Gena Dry

An Englishwoman in New York

Gena Dry

New York is a city of dreams. It’s the place where people go to make their dreams come true. In September, musicians from all over the world converge on New York for the CMJ conference, looking to get signed and get noticed. This story is about Gena Dry, an Englishwoman who came to New York is search of fame and fortune. An Englishwoman who ended up living through a pivotal moment in American history.

Gena Dry is a London native who teaches at the London School of Music, “teaching teach singing to people who think they can’t sing as well as artists, ex-prisoners and ex-offenders.” Dry has her certificate in Jazz and Popular Musicianship from Goldsmith College. Gena’s own music has been described as Bjork meets The Velvet Underground by way of P.J. Harvey, or a Kate Bush for the 21st Century. Gena says her unique vocal style is “me trying to sing like Whitney Houston, I just don’t manage it.”

“In London, being in a guitar band is really bad right now,” Gena told me about her decision to come to New York. “It’s the first time I’ve ever done anything like this. I’m afraid of heights and I’ve never really traveled, but I thought, ‘I’ve really got to go to America.’ A friend told me, ‘if you want to go to America, just book a plane and go.’ I did just that in May. I bought a ticket and was staying on the sofa of someone I’d never met. By that Sunday, I was playing at an open mic night at the Knitting Factory. After that first trip, I knew I had to come back.”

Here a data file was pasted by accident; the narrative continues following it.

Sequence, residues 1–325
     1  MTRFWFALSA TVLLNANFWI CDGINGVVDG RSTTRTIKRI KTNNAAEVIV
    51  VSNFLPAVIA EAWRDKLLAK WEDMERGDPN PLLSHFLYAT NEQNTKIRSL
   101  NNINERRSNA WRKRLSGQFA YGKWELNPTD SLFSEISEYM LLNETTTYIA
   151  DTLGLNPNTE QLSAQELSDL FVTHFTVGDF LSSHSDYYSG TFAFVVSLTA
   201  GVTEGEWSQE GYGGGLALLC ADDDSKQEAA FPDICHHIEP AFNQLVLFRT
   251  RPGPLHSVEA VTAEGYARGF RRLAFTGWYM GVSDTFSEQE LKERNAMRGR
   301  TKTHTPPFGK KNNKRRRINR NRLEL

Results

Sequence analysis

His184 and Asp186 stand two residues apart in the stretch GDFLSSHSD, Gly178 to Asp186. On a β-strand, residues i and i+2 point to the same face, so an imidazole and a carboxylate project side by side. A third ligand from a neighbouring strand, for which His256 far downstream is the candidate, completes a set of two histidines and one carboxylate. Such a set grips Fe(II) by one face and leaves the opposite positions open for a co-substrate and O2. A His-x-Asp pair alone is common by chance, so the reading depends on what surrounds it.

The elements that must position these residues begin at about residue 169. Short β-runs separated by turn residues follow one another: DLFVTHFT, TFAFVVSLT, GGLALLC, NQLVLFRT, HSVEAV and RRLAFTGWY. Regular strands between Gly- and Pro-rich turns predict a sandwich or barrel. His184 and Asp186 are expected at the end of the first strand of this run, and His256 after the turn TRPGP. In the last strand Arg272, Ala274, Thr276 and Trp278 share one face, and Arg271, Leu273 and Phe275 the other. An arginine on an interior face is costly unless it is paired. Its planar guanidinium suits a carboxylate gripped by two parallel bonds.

“I came back to New York in July and put together a band here,” Gena continues. “I’ve been sofa hopping and walking dogs. I’ve played CBGB’s and the Anti-Folk Festival at the Sidewalk Cafe.” Her performances with her New York band garnered the interest of some major players in the music business, and Gena got an invitation to play at the CMJ Festival.

Then came September 11th.

“I watched everything on the television,” Gena admits. “I was staying in an apartment looking after two dogs for this girl who went to Spain. I was staying alone in an apartment on the Lower East Side. I didn’t watch things from my window.”

“I was in the area that got cordoned off, Gena continues. When you went out into the street, there were people in the street wearing masks because of all the smoke. Everybody was in a real state of shock. Then you saw the posters on every street corner, ‘Have You Seen My Wife? She was four months pregnant. She was last seen on floor 105.’ Every time I saw a poster like that, my heart broke. On every street corner, people were putting up posters and lighting candles and putting up poems. We would go to the park and light a candle and talk to the other people. I gathered with some people from my street and we lit our own candles.”

“The thing that struck me was feeling so helpless,” Gena continued. “Being European, I couldn’t give blood. A lot of the lines where we tried to volunteer, they didn’t need any more volunteers. I just had the feeling of being helpless, wanting to help but not being able to do anything. Going out and playing music seemed such an inappropriate thing to do.”